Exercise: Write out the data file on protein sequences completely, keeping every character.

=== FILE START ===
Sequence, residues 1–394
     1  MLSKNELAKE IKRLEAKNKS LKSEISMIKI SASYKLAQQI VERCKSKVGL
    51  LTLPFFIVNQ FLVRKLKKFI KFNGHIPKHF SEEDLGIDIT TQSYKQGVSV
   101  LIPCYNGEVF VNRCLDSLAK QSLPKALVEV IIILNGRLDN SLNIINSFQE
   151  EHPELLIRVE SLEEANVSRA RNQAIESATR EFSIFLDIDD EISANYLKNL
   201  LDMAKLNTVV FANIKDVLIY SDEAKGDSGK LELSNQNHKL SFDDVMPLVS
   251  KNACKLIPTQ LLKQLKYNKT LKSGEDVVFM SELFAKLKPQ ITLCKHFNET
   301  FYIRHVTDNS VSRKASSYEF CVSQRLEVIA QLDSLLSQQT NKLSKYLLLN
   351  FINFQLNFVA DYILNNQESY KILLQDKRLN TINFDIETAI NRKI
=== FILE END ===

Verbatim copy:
Sequence, residues 1–394
     1  MLSKNELAKE IKRLEAKNKS LKSEISMIKI SASYKLAQQI VERCKSKVGL
    51  LTLPFFIVNQ FLVRKLKKFI KFNGHIPKHF SEEDLGIDIT TQSYKQGVSV
   101  LIPCYNGEVF VNRCLDSLAK QSLPKALVEV IIILNGRLDN SLNIINSFQE
   151  EHPELLIRVE SLEEANVSRA RNQAIESATR EFSIFLDIDD EISANYLKNL
   201  LDMAKLNTVV FANIKDVLIY SDEAKGDSGK LELSNQNHKL SFDDVMPLVS
   251  KNACKLIPTQ LLKQLKYNKT LKSGEDVVFM SELFAKLKPQ ITLCKHFNET
   301  FYIRHVTDNS VSRKASSYEF CVSQRLEVIA QLDSLLSQQT NKLSKYLLLN
   351  FINFQLNFVA DYILNNQESY KILLQDKRLN TINFDIETAI NRKI